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Environment minister hopeful Domtar will comply with mercury testing order in northwestern Ontario

ONTARIO (From news reports) -- Ontario's Ministry of the Environment and Climate Change (MOECC) hopes to get to the bottom of ongoing mercury contamination of the Wabigoon River by ordering a pulp and paper company to run tests to determine if its Dryden mill is the source of the leak.

However, in response, Domtar has pledged to fight any such order in court.

The MOECC announced this week that a draft director's order under the Environmental Protection Act -- which, Environment Minister Glen Murray said is put forward by MOECC scientists, not politicians -- is available online for comment.

After that, the MOECC will review any submissions before implementing the order.

"This is normalizing the practice, this is not a new thing we do, this isn't being done particularly to Domtar," Murray said Tuesday. "When we discover somewhere in Ontario that there is a toxin or a contaminant or a pollutant that is leaking off any property or from any site, these are the measures that we take under Ontario law."

If the order goes through as proposed, it would compel Domtar to assess groundwater and soil at its Dryden mill site, as well as surface water and sediment within the adjacent Wabigoon River, to determine if mercury is being discharged from the mill site into the river.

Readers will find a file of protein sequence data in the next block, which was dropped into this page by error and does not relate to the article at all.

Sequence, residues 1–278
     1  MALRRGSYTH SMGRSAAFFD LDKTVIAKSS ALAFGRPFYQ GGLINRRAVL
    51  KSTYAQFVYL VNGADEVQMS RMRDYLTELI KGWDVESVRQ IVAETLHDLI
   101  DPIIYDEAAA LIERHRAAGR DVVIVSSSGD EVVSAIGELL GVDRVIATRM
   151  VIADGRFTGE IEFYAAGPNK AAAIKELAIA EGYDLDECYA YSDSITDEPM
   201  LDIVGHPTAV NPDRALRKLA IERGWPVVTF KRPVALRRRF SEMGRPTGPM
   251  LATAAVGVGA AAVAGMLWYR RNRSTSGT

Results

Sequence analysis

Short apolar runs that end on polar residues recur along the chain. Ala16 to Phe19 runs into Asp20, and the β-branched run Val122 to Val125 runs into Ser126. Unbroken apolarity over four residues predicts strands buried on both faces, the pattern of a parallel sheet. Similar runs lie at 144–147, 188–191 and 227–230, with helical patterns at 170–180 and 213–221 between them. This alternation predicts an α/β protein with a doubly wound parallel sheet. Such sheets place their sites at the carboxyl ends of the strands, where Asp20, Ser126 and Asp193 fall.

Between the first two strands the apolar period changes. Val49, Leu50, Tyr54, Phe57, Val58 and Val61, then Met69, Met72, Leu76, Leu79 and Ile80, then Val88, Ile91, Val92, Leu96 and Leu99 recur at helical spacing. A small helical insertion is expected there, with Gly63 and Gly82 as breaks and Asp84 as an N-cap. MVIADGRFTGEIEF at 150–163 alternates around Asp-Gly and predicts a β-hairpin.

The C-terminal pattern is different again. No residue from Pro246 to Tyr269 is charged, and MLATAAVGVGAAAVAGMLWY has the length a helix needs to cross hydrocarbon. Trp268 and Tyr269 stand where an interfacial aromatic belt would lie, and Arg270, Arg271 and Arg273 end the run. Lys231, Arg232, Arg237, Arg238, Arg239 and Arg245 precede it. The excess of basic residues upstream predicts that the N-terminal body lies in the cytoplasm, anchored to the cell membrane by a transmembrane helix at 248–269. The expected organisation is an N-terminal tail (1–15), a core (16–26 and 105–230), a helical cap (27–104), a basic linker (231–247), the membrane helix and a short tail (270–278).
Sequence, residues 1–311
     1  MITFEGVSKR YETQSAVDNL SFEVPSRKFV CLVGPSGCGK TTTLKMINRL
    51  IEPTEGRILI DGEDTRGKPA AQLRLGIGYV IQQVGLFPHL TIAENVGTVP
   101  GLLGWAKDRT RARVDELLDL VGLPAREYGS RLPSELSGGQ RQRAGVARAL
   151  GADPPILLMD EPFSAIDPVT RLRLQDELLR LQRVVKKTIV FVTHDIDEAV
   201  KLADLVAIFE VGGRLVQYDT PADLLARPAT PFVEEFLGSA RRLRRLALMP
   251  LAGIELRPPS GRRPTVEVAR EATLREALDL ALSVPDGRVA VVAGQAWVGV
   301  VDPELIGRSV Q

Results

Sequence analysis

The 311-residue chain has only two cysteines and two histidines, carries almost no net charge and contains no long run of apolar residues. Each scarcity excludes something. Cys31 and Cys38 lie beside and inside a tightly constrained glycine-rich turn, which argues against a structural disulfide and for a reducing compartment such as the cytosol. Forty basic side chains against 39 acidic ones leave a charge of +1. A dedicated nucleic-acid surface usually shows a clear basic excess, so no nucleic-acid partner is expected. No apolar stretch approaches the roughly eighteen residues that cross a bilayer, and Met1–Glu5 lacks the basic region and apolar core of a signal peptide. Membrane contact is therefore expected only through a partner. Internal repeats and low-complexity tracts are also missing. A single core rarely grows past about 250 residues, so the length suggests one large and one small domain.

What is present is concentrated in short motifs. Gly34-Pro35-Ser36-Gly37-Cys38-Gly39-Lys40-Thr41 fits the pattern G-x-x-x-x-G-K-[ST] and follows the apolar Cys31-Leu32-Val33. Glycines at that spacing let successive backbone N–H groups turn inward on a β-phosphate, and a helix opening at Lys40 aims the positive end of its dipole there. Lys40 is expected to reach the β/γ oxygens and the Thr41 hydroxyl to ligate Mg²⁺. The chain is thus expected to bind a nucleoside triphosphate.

The assessment would include the installation of monitoring wells, and a geophysical survey of the site.

Domtar, however, has pledged to fight any order in court.

"We are disappointed that the Ministry of Environment and Climate Change has proposed an Order that seeks to compel Domtar to undertake activities that are the responsibility of the Province of Ontario," David Struhs, the company's vice-president of corporate services, said in a statement.

"Ontario's proposed Order raises the concern that the government is seeking to transfer its responsibilities for the management of historical mercury contamination associated with the mill site in Dryden to an innocent bystander."

The statement goes on to say that Domtar will seek a stay of the order, as well as "also take legal action against the Ontario government to compel it to honour its commitments."

The Dryden mill site was the source of documented historical mercury contamination of the Wabigoon River, when Reed Paper dumped mercury into the river in the 1960s and early 1970s.

The mercury poisoned the river's fish, as well as residents of nearby Indigenous communities who consumed it.

The government has pledged to remediate that historic contamination. However, a recent scientific study revealed that mercury is still leaking into the river from an unidentified, still-active source.

"Based on that science, not me, but the ministry scientists and experts working with the director determined that the evidence was more than sufficient to take the next step," Murray said. "And that's the order."

If the second source of mercury is discovered to be the Domtar site, the company would be responsible for cleaning it up under the order, Murray said.

Domtar -- which purchased the mill in 2007 -- notes in its statement that the company has never used mercury on that site. Murray said the company owns the land, and is responsible for any leak.


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